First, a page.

- Real Estate
Coronado Mills Act Information
The mills act was passed in 1971 and is implemented on a local level. In regard to the city of Coronado, the Mills Act can and has allowed homeowners to better manage their real estate investment. The mills act however is not for everyone. It offers the greatest benefit to historical homes which do not require significant improvements to meet the living standards of today's homeowners.
In Coronado, the only eligible properties are those resources listed on the local Historic Resource Inventory and those properties located in Residential Zones pursuant to Resolution 7736.
Some of the conditions in applying for the Mills Act are listed below:
- The term of the contract shall be for a minimum period of ten (10) years. On the anniversary date of the agreement, a year shall be added automatically to the initial term of the agreement unless a Notice of Nonrenewal is given as provided in the Government Code. If a Notice of Non-Renewal is filed, the Agreement will become null and void upon expiration of the ten- year term in effect at the time the Notice was filed.
- Preservation of the designated resource is required throughout the term of the Agreement, and when necessary, restoration and rehabilitation to the property, as necessary to conform to the rules and regulations of the Office of Historic Preservation of the State Department of Parks and Recreation.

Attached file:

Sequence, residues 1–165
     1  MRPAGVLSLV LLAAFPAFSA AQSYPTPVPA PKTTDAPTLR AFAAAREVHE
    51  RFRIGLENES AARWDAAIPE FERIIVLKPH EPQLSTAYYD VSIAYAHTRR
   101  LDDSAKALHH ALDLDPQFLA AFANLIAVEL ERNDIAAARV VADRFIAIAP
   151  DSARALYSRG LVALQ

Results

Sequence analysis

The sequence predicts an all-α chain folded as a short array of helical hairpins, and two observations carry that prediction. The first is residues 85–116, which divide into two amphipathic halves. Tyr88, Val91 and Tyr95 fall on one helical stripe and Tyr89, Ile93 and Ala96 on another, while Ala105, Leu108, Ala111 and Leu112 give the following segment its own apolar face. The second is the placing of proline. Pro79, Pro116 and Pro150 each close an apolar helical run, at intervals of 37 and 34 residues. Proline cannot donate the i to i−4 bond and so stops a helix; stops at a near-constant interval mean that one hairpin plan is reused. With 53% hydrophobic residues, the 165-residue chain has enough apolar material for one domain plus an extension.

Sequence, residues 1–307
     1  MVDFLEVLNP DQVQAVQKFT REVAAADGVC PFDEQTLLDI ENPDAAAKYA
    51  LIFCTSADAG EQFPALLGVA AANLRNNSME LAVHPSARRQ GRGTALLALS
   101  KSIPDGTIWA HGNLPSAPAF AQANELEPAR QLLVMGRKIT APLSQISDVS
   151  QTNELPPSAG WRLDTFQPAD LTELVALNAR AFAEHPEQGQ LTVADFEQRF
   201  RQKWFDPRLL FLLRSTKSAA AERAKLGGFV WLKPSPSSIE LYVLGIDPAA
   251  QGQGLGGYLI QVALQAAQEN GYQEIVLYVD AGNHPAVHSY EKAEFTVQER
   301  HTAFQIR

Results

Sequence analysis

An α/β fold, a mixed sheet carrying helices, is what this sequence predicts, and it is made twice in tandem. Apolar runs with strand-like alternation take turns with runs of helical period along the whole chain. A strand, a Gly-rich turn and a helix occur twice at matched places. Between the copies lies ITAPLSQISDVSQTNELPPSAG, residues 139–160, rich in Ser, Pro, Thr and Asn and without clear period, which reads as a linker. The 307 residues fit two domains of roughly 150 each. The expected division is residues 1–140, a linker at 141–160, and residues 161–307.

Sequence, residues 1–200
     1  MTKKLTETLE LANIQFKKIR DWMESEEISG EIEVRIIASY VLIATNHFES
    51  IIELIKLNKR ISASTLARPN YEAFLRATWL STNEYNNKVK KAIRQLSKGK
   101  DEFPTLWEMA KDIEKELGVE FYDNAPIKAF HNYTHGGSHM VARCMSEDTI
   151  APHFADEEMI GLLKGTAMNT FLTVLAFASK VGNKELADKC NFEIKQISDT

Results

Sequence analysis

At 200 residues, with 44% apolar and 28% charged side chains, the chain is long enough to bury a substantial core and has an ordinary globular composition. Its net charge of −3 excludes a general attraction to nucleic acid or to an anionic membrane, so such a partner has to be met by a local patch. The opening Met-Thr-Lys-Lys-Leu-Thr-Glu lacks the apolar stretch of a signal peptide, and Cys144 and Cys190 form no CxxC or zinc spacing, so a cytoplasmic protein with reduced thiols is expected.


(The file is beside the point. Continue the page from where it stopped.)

- Periodic examinations of the property may be required by the assessor, the State Department of Parks and Recreation, and the State Board of Equalization as necessary to determine the owner's compliance with the Agreement.
- Approval Runs with the Land: The approval of a Mills Act Agreement shall run with the land, and shall continue to be valid upon a change of ownership of the site to which it applies.
- Notice of Non-Renewal: Either party to a Mills Act Agreement may file a notice of non- renewal at any time after entering into the Agreement. The effect of the Notice of Non-Renewal is that the Agreement will become null and void upon expiration of the ten-year term in effect at the time the Notice is filed.
- The City Council may cancel a Mills Act Agreement if it determines that the property owner has breached any of the terms of the Agreement, or has allowed the property to deteriorate to the point that it no longer meets the standards to be a Designated Historic Resource as specified in Section 70.20.030 of the Municipal Code
- No Mills Act Agreement shall be canceled until after the City Council has given notice of the public hearing and notice to the last known address of the property owner(s).
- If the City Council cancels an Agreement, the property owner shall pay a penalty of 12 percent of the full value of the property, as determined by the County Tax Assessor. The cancellation fee shall be paid to the State Controller or County Assessor as specified in State law.
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